The issue is not just the ‘manipulated media’ tag, which is not a party matter but enormously concerns issues of our status as a sovereign republic. It is a much deeper matter that involves the basic question — should Indian laws be applicable to agencies working in India or not? Should we be happy as a nation that prides itself on sending its children abroad serving America Mata while we shout slogans in praise of Bharat Mata at home? Should we let ‘independent sovereign cyber republics’ defy our Constitution?
It’s high time that the Narendra Modi government creates a Cyber Security Ministry and immediately starts working on strengthening the cyber ecosystem.
Listen to the experts in the field without any prejudice. The entire legal ecosystem needs to be reworked. The liability of Indian subsidiaries vis-à-vis parent companies needs to be defined.
The government must make local data storage of all Indian citizens mandatory by law/statute (Australia has already done that).
The Reserve Bank of India had tried to implement localisation of financial data, but many felt it faced enormous pressure from big credit card companies.
Protect cyber sovereignty
The sovereignty of a country is exercised through the authority of the State. By enforcing end-to-end encryption and data anonymisation, technology companies are trying to create a parallel space where the authority vested in the State on behalf of its citizens, cannot be exercised due to so-called ‘technology limitations’. One way in which they can be regulated is by bringing their entire operations in India, under an Indian subsidiary. This will make them directly accountable to our laws.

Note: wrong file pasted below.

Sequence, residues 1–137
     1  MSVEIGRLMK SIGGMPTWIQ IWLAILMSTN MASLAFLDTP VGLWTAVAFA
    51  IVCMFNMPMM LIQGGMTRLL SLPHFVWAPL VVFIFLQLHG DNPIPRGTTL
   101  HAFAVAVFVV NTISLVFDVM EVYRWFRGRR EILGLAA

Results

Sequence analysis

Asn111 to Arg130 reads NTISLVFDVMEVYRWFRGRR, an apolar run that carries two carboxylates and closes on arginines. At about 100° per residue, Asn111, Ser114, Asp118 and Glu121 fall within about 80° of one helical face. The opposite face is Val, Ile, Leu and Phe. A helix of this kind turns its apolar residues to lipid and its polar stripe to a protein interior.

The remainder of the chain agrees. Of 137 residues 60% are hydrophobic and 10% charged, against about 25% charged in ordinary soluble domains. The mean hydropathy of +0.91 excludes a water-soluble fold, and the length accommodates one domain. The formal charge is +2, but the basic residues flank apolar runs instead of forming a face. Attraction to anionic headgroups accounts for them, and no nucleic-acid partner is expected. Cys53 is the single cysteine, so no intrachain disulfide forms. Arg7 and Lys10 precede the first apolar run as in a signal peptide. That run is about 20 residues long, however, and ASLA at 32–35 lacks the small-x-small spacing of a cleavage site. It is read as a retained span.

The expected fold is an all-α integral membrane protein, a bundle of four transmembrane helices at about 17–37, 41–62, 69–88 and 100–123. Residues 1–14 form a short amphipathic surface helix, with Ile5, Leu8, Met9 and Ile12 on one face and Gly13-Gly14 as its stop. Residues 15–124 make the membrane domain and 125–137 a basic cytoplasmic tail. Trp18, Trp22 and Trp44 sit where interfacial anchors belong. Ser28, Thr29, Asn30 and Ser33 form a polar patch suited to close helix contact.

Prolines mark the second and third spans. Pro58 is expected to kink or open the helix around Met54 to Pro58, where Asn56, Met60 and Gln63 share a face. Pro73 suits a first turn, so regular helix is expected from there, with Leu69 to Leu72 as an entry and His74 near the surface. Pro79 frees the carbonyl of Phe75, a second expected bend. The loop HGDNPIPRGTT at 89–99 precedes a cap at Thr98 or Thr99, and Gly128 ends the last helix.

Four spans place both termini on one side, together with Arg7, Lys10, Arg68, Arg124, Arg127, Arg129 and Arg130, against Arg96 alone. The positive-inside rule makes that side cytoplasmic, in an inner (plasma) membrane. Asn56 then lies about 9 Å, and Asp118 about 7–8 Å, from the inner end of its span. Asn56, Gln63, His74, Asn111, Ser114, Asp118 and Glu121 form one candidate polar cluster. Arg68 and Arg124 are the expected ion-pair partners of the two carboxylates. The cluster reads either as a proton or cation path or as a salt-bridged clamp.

India must strengthen its own great institutions like the Survey of India and Bhuvan (geoportal of ISRO) instead of giving a free run to Google Earth and Google internet and wifi services. Why haven’t we strengthened National Informatics Centre (NIC) as a public internet provider? Even an indigenously developed meeting app like Zoom, Cisco, or Google Duo is not available. The NIC uses Vidyo app for virtual meetings, which is borrowed from the US.
Indian entrepreneurship must take up the challenge to build indigenous social media platforms. The government must make up its mind and ask the internet colonisers to either follow laws or quit India.
The author is a former BJP member of Rajya Sabha. Views are personal.